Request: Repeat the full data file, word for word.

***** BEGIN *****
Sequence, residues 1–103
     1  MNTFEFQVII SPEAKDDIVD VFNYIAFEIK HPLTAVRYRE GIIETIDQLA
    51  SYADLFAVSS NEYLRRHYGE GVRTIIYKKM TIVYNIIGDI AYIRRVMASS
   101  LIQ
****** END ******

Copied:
Sequence, residues 1–103
     1  MNTFEFQVII SPEAKDDIVD VFNYIAFEIK HPLTAVRYRE GIIETIDQLA
    51  SYADLFAVSS NEYLRRHYGE GVRTIIYKKM TIVYNIIGDI AYIRRVMASS
   101  LIQ